Testimonials

Great!

The Berghia arrived in great shape, beautiful little critters!! They are now acclimating to their new home in the copepodgeeks lab (bwaahaaahaa)…. Thanks for the excellent communication and service!

Joe from Colorado

Cultured purple and Yellow Scroll Coral t-3-10-i

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Cultured purple and Yellow Scroll Coral t-3-10-i

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 Turbinaria species is a scrolling coral featuring dense large polyps. It it is purple and yellow. This coral is approx. 1 inch.  Common names for this species are scroll, turban coral and cup coral. 

Turbinaria sp. can be found in a variety of shapes, including massive, columnar, laminar, and foliaceous.  Much of this depends on water movement and depth.  Colonies in high water movement are more likely to be twisted, while those at deep water depth are typically platelike.  T. peltata can be gray, brown, or cream colored, however this one is green.  Some may have bright yellow polyps.  Turbinaria corals are hermatypic, meaning they are reef-building, contributing a substantial amount of the calcareous framework of a reef.  They are the only hermatypic, reef-building corals in the family Dendrophylliidae.  They also contain zooxanthellae (dinoflagellate algae), making it one of only three genera in Dendrophylliidae that contain them.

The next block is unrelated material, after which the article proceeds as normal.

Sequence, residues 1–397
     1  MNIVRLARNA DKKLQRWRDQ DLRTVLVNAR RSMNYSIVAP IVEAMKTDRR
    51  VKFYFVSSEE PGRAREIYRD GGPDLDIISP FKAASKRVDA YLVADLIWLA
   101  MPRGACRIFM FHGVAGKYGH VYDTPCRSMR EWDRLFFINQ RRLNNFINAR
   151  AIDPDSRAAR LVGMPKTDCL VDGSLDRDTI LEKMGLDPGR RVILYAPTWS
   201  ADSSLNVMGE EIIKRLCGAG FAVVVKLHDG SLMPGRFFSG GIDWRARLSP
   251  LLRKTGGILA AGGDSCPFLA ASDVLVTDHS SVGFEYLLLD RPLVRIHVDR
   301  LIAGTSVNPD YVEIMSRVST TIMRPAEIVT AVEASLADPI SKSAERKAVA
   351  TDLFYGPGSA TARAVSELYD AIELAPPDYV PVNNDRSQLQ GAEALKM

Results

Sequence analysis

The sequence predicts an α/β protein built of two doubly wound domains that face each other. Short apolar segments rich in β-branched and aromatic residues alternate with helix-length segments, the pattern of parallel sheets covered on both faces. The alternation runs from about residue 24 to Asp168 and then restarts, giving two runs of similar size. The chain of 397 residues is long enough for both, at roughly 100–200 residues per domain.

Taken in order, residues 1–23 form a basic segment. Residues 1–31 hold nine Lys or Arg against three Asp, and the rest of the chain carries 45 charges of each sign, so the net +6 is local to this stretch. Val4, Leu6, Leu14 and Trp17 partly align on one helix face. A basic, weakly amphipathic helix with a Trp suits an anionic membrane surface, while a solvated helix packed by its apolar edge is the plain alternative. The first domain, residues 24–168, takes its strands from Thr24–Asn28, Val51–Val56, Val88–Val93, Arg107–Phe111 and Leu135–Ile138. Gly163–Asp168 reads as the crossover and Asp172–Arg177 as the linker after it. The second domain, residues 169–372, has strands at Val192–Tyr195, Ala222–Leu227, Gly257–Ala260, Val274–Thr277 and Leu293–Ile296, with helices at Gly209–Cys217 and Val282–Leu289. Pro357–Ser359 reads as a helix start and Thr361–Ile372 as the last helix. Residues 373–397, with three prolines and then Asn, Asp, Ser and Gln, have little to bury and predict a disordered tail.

Depending on the species, Turbinaria sp. need a variety of care.  However, they are rather hardy and grow quickly, so give them room.  T. peltata has longer, fleshy polyps and they are typically extended during the day only.  It produces a mucus which can be shed as a net when touched, even slightly.  Mother colonies will heal and regrow after breaking, making propagation through fragmentation rather simple.

Please see this article for more information about cup corals.

 

Quick Care Info

Care Level: Easy

Temperament: Passive

Lighting: Moderate

Waterflow:  Moderate

 

Scientific Name: Turbinaria sp

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Testimonials

Feeding Right Away

Kevin and Lisa, Thanks for sending the Berghia. They arrived yesterday in excellent condition and some are feeding on Aiptasia. Tom

Tom

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